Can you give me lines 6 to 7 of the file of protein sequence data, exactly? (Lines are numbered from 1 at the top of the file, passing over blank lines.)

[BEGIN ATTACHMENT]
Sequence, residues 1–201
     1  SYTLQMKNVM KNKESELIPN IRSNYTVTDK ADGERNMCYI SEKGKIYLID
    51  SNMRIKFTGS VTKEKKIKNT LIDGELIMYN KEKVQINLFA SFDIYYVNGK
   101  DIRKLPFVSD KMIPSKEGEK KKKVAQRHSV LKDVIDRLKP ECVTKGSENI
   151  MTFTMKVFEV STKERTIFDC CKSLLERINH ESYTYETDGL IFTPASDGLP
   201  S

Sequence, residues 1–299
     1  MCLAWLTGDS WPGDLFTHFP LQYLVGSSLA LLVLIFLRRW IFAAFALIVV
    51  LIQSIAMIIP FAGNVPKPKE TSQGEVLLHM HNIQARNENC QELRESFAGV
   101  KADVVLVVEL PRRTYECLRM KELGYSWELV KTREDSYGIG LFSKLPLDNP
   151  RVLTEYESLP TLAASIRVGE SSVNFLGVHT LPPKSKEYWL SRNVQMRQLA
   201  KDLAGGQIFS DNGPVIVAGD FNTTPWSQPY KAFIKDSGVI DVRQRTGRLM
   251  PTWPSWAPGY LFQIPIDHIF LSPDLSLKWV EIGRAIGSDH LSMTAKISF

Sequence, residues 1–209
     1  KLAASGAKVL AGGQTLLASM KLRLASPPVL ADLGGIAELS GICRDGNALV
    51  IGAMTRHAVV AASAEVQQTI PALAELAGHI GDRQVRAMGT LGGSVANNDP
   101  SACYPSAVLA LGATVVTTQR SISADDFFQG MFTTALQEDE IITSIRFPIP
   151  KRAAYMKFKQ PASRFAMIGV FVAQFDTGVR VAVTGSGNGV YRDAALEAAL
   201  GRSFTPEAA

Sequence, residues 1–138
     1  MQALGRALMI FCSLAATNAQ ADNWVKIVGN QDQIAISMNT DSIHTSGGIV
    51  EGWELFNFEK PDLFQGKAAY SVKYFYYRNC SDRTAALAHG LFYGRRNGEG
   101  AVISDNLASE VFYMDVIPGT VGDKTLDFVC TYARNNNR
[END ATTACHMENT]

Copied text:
   201  S

Sequence, residues 1–299